If I adhere to Schumpeter’s subdivision of mercantilists into pamphle- teers and consultant administrators, the tone of Het welvaren van Leiden (The Wealth of P. de la Court’s (1911) first economic work, would rank it among the pamphlets. Yet it was not published and dis- tributed like a pamphlet, but circulated in manuscript among the Leiden establishment. His second, and best-known economic work, Interest van Holland (The True Interest of Holland, 1662), clearly falls into the cat- egory of consultancy, that is, the design of an optimal economic order and policy. The same is more so of Graswinckel’s Placcaet-boek (Book of Regulations, 165 I), which analyzes the economic consequences of historical regulations of the grain trade. While Pieter de la Court con- fines himself to the interests of trade and industry, and the provinces of Holland and Zeeland, Graswinckel entertains ideas concerning all eco- nomic sectors and keeps the whole republic in mind. Less down-to-earth and less concerned with day-to-day politics, de Groot and Spinoza deal with political and economic order in general and thus may be called institutionalists.
Can we really call these authors mercantilists? Should they not be treated as liberals avant la lettre? If it is sufficient to have been an eco- nomic writer of the period 1550-1750 in order to qualify as a mercantilist, the answer is obvious. If in addition, some inclination toward protection- ism and state intervention is necessary, we would hesitate. All of these
2. If welvaren is translated as wealth, of course, the title becomes an allusion to Adam Smith. In both cases, the welfare or prosperity of a community is meant.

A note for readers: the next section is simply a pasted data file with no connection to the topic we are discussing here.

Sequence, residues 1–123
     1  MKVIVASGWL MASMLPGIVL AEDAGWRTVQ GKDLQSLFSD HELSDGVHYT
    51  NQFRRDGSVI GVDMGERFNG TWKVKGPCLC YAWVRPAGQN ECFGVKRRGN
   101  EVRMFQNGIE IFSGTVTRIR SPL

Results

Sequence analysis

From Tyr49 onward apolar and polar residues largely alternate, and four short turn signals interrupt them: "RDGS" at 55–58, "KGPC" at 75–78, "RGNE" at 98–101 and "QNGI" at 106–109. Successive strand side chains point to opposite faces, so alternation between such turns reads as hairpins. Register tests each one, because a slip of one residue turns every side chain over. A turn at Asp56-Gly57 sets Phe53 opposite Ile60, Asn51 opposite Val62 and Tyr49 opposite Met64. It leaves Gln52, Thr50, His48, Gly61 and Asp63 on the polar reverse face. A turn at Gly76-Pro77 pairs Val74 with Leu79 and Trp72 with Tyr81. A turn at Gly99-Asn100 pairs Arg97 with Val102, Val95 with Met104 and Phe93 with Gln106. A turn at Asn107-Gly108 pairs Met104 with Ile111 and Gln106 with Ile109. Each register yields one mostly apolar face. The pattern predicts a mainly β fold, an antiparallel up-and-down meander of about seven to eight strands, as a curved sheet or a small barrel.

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authors pled for free trade and against (too much) state intervention. As far as these ideas are concerned, there is little new in Physiocracy or in Adam Smith.
Yet free trade is, as P. Wiles has remarked, “a kind of mercantilism, the mercantilism of the strongest power” (1968, 555; see also Zimmer- man 1987, 82). Holland was the strongest economic power during the seventeenth century. And free trade was its most powerful instrument of protectionism, as it became later for England. Since the merchants of Holland and Zeeland also formed the political ruling class, their interests were transposed into policy almost automatically. There was little need for consultant administrators. The authorities knew what they needed to do. Free trade was favored because it was considered advantageous for the Dutch merchant class and not because it was considered generally welfare maximizing. To be clear: the medieval conception that trade was a zero-sum game was shared even by de la Court. The idea of freedom as an instrument for protection was clearly recognized at the time. When the merchants of the Republic petitioned the king of Sweden in 1668 for religious freedom, Pieter de Groot, the son of Huigh, wrote the following to Johan de Wit, the grand pensionary [chancellor] of Holland: “I have to confess to the opinion that nothing more ruinous can be found for trade in our states than such freedom of religion. I think that it would attract many families from our country if it were conceded in Denmark” (quoted in Thalheimer 1928, 34).
Free trade did not result from insight into its beneficial effects, but purely from the private interests of the decision makers. Yet private in- terest as a motive force of the economic system was one of the central themes of the four writers. Its best-known formulation is in Mandeville’s (1924) subtitle, Private Vices, Public Benej i t~ .~ In a more rudimentary state economic individualism was present earlier: “The best policy works with few laws, the best government governs least, but leaves everyone as his own legislator” (Graswinckel 165 1 , 95). The precedence of private